perfect career means never "working"
When Spencer Moon entered the Personal Trainer program at Greenville Technical College a year ago, fitness had been his lifestyle and passion for quite some time, and he thought he had a pretty thorough knowledge of the career.
Being in the program showed him just how much he still needed to learn. “I knew a lot when I went in there, but compared to what I know now, I didn’t know much at all,” he says.
Some of the new skills he’s learned include teaching neural connection (mind to muscle), developing sports specific workouts, teaching joint angle specificity, adjusting rep speeds, and creating routines and programs for different client needs.
Unfortunately, Spencer says, many personal trainers in our state never seek the education they need to do their jobs better. “In South Carolina, as of now, you do not have to have a personal trainer certification. You don’t have to have any kind of certification,” he says.
“I’ve seen people come in off the street and just want to start training. Just because they made their own bodies look good or may be bodybuilders does not mean that they have the knowledge to work with someone else’s body that is totally opposite from their own.
Those people are known as repetition counters because they have no idea of what it takes to be a certified personal trainer,” he adds.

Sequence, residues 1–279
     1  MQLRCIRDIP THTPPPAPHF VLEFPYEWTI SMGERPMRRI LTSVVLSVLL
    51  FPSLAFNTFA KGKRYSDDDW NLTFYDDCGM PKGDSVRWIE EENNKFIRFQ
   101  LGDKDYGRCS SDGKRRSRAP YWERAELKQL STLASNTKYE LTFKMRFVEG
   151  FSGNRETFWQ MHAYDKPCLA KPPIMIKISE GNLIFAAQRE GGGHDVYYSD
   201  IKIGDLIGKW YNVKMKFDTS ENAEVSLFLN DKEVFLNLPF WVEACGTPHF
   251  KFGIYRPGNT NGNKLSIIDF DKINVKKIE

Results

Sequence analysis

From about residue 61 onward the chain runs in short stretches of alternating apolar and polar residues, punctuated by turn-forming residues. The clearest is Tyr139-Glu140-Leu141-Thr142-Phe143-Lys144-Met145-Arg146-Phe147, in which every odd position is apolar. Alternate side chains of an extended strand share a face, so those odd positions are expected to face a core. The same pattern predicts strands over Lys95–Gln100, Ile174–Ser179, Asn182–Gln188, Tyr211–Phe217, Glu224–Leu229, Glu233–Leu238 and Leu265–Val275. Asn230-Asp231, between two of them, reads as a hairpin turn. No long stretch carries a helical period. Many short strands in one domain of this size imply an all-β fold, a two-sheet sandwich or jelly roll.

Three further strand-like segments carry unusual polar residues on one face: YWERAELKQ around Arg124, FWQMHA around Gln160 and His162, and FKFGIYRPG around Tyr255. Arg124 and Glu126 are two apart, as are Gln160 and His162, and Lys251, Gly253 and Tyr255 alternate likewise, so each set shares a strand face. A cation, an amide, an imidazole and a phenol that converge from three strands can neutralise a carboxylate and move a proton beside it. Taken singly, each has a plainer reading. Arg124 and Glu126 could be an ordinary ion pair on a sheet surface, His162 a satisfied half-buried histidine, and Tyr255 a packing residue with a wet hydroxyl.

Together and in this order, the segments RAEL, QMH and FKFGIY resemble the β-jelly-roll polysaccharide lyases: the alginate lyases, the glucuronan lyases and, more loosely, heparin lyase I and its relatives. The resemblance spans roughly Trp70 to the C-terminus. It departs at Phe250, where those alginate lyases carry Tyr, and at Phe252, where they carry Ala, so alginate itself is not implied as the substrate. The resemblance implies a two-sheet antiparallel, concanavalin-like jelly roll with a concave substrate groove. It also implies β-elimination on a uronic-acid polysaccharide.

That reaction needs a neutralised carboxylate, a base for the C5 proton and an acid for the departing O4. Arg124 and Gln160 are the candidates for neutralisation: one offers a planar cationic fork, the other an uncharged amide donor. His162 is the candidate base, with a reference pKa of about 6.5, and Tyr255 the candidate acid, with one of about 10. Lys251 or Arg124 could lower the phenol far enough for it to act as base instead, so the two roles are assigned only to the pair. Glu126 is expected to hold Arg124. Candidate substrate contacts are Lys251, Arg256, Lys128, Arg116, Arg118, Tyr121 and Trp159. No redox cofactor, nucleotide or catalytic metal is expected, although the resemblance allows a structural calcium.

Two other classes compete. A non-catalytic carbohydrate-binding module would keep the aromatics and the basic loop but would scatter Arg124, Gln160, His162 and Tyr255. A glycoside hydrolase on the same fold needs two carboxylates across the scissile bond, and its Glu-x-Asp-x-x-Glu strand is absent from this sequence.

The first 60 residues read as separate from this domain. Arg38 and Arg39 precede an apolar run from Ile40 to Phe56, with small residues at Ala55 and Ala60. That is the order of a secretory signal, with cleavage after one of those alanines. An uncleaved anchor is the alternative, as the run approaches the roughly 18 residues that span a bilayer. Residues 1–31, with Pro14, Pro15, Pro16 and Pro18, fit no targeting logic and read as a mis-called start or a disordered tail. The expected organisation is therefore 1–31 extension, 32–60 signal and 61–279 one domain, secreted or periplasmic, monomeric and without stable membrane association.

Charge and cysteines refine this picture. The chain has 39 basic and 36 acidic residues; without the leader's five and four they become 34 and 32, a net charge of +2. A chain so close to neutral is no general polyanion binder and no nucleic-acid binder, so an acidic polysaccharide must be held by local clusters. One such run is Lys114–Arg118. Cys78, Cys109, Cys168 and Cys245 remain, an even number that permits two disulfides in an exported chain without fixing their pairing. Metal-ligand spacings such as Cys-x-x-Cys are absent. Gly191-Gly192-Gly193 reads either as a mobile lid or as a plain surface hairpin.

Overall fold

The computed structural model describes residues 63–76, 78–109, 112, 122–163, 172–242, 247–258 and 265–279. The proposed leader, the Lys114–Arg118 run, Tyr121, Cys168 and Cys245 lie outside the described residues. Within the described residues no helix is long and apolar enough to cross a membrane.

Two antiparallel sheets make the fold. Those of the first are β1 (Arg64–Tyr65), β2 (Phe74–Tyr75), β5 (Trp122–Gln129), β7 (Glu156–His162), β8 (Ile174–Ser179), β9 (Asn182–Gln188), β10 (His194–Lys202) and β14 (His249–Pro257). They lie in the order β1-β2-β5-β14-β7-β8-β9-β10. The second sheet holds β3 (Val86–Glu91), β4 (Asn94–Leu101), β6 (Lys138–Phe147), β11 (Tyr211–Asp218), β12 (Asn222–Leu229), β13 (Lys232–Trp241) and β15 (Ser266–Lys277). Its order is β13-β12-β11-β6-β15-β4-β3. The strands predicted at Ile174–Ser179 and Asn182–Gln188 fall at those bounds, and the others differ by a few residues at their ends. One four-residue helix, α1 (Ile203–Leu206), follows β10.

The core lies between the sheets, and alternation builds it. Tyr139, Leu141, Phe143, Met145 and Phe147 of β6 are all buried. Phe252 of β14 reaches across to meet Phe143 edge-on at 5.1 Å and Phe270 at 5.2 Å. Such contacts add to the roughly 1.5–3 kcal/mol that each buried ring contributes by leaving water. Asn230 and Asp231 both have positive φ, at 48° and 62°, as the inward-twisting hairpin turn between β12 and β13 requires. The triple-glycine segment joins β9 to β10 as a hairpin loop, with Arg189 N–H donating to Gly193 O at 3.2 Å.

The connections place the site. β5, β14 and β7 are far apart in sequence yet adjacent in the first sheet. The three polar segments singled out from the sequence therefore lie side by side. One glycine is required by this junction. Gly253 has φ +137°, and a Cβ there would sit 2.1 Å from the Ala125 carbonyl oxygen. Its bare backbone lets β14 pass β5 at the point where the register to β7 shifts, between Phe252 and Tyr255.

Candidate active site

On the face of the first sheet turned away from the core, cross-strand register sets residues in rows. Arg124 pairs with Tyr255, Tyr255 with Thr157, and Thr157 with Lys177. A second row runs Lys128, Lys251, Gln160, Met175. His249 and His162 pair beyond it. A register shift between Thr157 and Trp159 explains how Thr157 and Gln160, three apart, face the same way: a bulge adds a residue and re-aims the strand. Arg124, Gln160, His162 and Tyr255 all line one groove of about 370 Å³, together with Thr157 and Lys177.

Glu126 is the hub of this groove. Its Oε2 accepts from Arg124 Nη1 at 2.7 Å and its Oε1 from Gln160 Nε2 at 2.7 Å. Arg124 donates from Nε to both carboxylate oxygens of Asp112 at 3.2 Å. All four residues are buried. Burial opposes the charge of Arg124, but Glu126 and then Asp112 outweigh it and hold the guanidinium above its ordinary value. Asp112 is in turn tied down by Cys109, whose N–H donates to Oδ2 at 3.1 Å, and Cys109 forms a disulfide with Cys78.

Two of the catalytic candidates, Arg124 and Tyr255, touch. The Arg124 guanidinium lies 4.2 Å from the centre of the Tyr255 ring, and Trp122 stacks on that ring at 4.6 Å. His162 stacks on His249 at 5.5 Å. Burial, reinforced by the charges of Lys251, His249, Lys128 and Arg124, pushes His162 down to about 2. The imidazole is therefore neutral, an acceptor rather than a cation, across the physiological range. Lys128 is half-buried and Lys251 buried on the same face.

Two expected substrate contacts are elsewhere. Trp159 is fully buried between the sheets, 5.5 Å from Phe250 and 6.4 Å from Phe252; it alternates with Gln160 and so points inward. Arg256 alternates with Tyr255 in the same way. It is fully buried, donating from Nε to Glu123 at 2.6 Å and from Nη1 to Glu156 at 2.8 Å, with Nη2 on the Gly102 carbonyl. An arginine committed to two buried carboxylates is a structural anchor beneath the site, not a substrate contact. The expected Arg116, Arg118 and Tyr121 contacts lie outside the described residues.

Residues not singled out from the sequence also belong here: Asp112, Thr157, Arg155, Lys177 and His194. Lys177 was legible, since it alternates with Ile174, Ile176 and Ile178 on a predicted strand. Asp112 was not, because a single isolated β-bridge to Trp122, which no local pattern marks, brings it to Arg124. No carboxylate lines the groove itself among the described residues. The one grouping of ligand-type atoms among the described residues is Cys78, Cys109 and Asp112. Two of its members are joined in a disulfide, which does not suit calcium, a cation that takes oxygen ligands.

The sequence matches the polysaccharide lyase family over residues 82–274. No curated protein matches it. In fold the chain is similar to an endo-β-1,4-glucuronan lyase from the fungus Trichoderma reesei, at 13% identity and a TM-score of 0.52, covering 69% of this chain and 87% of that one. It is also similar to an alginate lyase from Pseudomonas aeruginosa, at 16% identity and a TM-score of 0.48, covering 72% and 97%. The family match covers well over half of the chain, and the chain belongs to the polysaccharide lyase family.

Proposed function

Finding a job that doesn’t seem like work is something Spencer feels very fortunate about. In a previous job, he hated even walking in the door and spent much of the day looking at his watch.
“This is my life-long passion whether I eventually go into management or own my own gym,” he says.
Mom on a mission
When she turned 50 two years ago, Donna Halbert found out that she was suffering from a borderline case of osteoporosis. Though she exercised regularly, Donna had never performed weight-bearing exercises.
Knowing that this is one way to increase bone mass, she started looking for a way to learn more and found Greenville Technical College's Personal Trainer program.
Once she got enrolled, Donna discovered more than just information on how to exercise properly. She discovered a career specialty: helping women over age 35 with health-related issues.
To get started in her specialty, Donna plans to work with some of the women in her church, Southside Fellowship, who've asked to be among her first clients. From there, she's considering opening an exercise studio at home or working at a club.
In her Personal Trainer classes, Donna is affectionately known as "Mom," an age-based distinction that doesn't bother her at all. Though many of her classmates are in their 20's, one of the instructors, Gyle Atwood, went through the program himself, and at age 61, gives Donna a little balance on the age continuum.
At home, Donna also answers to the name "Mom." Her son, a 21 year old college student, enjoys comparing notes with her about the way she prepares for class.
"He teases me because I actually read the books," she says. "He says college students don't read their books."
Family members also tease her about being a health nut. That, Donna says, is almost essential in her program of study. "When we go around and introduce ourselves, most of us say we want to help other people and most have always been interested in health and exercise," she says.
For Donna, fitness is a mission with a target market. "Fifty percent of women out there are walking around with osteoporosis and they don't even know it. "It's a silent disease, and what we're doing through our diet and lack of exercise contributes to that," she says. "I just want to kind of use it as a wake-up call to women to say that we need to be doing this."